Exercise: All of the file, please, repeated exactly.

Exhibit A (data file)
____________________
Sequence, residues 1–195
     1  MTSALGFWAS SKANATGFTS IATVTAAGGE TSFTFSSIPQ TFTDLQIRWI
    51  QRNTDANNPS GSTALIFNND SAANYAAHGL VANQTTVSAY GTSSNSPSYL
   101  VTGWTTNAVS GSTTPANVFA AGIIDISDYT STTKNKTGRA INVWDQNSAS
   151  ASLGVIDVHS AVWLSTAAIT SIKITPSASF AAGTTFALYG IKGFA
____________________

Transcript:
Sequence, residues 1–195
     1  MTSALGFWAS SKANATGFTS IATVTAAGGE TSFTFSSIPQ TFTDLQIRWI
    51  QRNTDANNPS GSTALIFNND SAANYAAHGL VANQTTVSAY GTSSNSPSYL
   101  VTGWTTNAVS GSTTPANVFA AGIIDISDYT STTKNKTGRA INVWDQNSAS
   151  ASLGVIDVHS AVWLSTAAIT SIKITPSASF AAGTTFALYG IKGFA